Objective: To establish the clinical characteristics, aetiology, neuro-physiological characteristics, imaging findings and other investigations in a cohort of patients with non-traumatic brachial plexopathy (BP).
Methods: A 3-year retrospective study of patients with non-traumatic BP identified by electromyography (EMG) and nerve conduction studies (NCS). Clinical information was retrieved from patients' medical charts.
Results: Twenty-five patients were identified. Causes of BP included neuralgic amyotrophy (NA) (48%), neoplastic (16%), radiation (8%), post infectious (12%), obstetric (4%), rucksack injury (4%), thoracic outlet syndrome (4%) and iatrogenic (4%). Patients with NA presented acutely in 50%. The onset was subacute in all others. Outcome was better for patients with NA. All patients with neoplastic disease had a previous history of cancer. MRI was abnormal in 3/16 patients (18.8%). PET scanning diagnosed metastatic plexopathy in two cases.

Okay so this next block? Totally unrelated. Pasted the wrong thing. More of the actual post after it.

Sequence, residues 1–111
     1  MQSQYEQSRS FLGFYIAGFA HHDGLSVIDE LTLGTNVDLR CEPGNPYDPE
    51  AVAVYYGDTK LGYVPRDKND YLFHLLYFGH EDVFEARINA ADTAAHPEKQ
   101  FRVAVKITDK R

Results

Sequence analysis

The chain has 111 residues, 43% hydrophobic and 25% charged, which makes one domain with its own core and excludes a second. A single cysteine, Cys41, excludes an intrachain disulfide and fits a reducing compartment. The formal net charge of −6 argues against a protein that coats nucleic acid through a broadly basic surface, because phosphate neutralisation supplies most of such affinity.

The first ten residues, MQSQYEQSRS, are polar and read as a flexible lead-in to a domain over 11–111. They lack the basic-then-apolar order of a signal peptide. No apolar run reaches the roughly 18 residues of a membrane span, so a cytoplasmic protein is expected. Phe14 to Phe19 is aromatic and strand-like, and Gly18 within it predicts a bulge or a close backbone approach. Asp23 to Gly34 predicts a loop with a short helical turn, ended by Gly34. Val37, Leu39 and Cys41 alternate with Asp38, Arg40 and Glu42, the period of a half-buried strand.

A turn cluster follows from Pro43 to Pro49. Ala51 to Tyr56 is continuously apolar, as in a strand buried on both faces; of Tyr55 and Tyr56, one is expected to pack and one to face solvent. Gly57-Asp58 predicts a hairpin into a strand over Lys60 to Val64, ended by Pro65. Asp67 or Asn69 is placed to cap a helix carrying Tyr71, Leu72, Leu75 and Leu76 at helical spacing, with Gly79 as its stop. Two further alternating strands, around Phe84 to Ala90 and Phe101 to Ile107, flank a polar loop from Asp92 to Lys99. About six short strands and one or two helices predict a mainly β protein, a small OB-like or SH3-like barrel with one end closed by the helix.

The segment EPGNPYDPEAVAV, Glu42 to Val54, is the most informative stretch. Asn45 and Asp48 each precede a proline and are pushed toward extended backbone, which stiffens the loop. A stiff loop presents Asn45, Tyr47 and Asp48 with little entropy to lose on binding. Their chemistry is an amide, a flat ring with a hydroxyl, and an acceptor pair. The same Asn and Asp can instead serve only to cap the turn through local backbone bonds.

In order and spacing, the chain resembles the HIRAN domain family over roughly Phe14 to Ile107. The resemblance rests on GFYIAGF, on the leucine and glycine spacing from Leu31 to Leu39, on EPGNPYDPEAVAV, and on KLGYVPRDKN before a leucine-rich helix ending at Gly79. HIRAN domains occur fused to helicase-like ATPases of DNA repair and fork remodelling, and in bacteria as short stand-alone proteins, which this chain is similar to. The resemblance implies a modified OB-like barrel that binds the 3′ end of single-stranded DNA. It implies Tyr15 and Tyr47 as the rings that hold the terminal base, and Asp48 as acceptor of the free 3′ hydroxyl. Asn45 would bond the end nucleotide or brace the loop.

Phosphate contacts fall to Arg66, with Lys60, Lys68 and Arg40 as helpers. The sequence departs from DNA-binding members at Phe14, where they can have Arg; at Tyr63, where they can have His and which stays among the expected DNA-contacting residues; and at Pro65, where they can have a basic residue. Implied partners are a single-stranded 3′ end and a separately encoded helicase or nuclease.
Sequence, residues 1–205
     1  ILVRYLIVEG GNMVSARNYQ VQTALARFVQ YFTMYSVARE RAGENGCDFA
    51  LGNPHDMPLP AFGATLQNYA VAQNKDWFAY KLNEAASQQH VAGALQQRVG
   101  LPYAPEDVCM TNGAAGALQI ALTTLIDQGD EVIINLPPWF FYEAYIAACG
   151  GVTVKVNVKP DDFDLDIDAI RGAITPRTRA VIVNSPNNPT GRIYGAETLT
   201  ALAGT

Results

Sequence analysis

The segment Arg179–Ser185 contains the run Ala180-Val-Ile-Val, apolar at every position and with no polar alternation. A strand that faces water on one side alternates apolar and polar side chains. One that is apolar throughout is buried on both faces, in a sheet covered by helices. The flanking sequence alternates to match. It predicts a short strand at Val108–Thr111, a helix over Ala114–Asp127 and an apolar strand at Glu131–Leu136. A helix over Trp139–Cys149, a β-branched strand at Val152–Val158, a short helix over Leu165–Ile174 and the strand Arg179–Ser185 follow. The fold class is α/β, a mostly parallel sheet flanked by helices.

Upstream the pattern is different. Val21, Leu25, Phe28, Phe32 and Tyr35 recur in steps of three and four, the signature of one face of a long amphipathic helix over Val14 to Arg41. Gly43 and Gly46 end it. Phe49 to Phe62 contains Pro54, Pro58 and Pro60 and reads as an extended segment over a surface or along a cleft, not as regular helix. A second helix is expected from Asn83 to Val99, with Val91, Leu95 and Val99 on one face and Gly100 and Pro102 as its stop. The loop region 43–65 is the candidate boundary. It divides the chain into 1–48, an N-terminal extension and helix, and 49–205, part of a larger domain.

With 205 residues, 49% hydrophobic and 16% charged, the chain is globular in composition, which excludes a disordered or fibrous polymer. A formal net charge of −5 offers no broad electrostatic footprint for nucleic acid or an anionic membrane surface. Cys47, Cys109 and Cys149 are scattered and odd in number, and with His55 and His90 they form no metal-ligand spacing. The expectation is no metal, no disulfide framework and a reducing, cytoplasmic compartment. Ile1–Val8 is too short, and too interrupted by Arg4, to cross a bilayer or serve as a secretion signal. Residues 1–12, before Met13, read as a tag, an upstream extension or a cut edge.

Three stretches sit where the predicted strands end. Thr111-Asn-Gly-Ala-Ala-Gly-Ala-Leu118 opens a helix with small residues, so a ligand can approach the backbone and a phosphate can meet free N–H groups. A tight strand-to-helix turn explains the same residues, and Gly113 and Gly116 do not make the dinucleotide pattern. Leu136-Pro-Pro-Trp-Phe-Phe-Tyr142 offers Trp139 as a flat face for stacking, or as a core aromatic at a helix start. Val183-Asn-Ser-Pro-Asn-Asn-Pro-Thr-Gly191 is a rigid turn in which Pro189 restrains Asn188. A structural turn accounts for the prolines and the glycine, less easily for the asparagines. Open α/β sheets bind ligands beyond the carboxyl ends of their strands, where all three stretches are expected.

Conclusions: NA was the most common cause of BP in our cohort and was associated with a more favourable outcome. The authors note potentially discriminating clinical characteristics in our population that aid in the assessment of patients with brachial plexopathies. We advise NCS and EMG be performed in all patients with suspected plexopathy. Imaging studies are useful in selected patients.